Corn: To start the week, corn made a slow push to the resistance area for March. Overnight sales showed 119,888 tonnes sold to “unknown” Sunday, which added a small amount of support Monday. That sale combined with some open chart room to the upside allowed for a high of 432 3/4. That high is close to the 435 1/2 key resistance area but not quite to the true level that matters just yet. There were two rounds of buying seen Monday, each one running into solid resistance at 431 and 432. Each whole penny higher seems to have many resting orders ready to be sellers close to the key resistance level.
Exports still remain strong for this market and while cancellations have not been seen for some time now, the fears of future cancellations help to keep resistance in for this market. It is possible that if enough time goes by without cancellations trade will slowly back away from selling at resistance levels allowing for 435 1/4 to be broken. Right now, however, there are not large enough sales to give the buyers reason to break key chart resistance levels.
Bulls are looking for either a line up of daily sales or one big overnight sale to take out chart resistance. Bears are selling near resistance right now and if 435 1/4 is taken out there is still 440 3/4 resistance to sell from as well. Currently the trend is still sideways and in that trend, current levels are a sale…Ryan Ettner
Soybeans: Another choppy session was seen Monday as neither bulls nor bears were able to gain much traction. Cold weather across the Midwest is keeping beans from being shipped and was also slowing down production capacity at plants. There were also reports that NG usage was being restricted due to heavy demand. This kept the bull spreads popular with the trade.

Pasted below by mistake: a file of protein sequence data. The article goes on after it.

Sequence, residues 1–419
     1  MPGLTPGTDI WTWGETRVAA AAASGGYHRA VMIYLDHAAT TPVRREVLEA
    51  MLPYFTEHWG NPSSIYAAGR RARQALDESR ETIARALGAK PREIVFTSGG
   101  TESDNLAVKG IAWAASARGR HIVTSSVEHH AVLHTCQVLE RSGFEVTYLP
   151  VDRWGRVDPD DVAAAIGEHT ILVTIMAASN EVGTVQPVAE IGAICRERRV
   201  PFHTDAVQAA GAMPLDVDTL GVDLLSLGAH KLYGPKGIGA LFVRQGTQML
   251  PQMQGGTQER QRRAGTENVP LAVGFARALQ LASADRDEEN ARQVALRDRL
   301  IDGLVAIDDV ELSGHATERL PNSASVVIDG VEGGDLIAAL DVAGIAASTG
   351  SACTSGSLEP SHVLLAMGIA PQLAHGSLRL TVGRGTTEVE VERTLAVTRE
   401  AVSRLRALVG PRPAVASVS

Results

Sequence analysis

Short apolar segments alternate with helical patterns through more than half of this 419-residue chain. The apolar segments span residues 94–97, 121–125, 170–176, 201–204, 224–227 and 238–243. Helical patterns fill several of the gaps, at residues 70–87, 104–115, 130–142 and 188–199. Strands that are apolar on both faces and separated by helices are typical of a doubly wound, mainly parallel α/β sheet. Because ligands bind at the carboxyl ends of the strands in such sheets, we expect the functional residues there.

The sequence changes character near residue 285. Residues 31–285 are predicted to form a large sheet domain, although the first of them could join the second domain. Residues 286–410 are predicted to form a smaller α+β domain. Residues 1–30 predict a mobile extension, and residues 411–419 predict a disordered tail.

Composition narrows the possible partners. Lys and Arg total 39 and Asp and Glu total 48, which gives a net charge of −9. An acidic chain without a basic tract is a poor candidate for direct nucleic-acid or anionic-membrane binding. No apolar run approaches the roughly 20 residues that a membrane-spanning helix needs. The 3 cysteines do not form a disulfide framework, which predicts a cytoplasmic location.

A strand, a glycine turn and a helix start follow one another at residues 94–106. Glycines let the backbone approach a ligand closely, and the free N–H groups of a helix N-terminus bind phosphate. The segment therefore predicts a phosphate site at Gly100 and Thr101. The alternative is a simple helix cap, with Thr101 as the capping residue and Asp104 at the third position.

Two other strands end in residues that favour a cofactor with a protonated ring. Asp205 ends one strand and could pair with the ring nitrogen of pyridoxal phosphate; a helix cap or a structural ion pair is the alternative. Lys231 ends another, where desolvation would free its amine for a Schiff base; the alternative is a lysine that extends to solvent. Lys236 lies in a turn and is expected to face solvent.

Weekly inspections came in strong Monday as the United States shipped out 73.8 million bushel of beans last week. We have now shipped out 1.115 billion bushels of beans as of Jan. 23. The USDA anticipates that the U.S. will sell 1.495 bushels for the whole year. There continues to be talk that some of the unshipped sales will be canceled, but at this time we have not seen any big export cancellations. We will have to see confirmation of the much talked about cancellations soon for the government will have to raise their export sales estimate in their February report. The USDA did announce the sale of 183,000 tonnes of new crop beans to unknown destination Monday.
South American weather continues to be viewed negative by the trade. Aside from follow-up rains in Northern Argentina on Friday, of 0.10 to 0.50 inch, the weekend was quiet. Brazil saw regular rains of under 0.50 inch during this time. Argentina is seen receiving regular rains all week. Brazil will remain well supplied with moisture in the South and slightly drier than normal weather in the North this week. Temperatures will run normal this week.
Shipping firm, SA Commodities, estimates there are 650,000 tonnes of soybeans set for January shipment. A record February amount, of 2.5 million, is currently scheduled. That would be a record for any previous February. To help move the coming tsunami of exports from the country, there are already 39 ships waiting for loading at the number two port of Paranagua. Brazil’s harvest is estimated to have reached the 3% level with yields being reported as good. Argentine producers continue to hold soybeans, as a hedge against the sharp devaluation of the Argentine peso and limits on the conversion to the dollar. Farmers are said to be holding 8.4 million tonnes of soybeans vs. 1.6 last year at this time last year. Monday morning, the government announced limits of $2,000 in US dollar conversions. We do not feel this will encourage the producer to get aggressive in moving their beans.
Allendale still anticipates that beans will work their way to the $12.50 or lower level as we move into spring as the world shifts demand to South American supplies. With this in mind we encourage producers to get product hedged on bounces…Jim McCormick
Wheat: Wheat finished lower and continues to flirt with contract lows as we fail to find much buying. While this crop sits in dormancy, it will not provide much in the way of new news until we move closer to spring. The trend continues to be down and though we have held recent lows, we wouldn’t expect to see anything in the way of a sizable rally.
Overnight a Saudi Arabia wheat purchase helped give wheat some positive information but a lower close continues to create more questions about whether this commodity will see a bounce or any short covering any time soon. Continue to hold shorts as a break into new lows continues to need to be sold.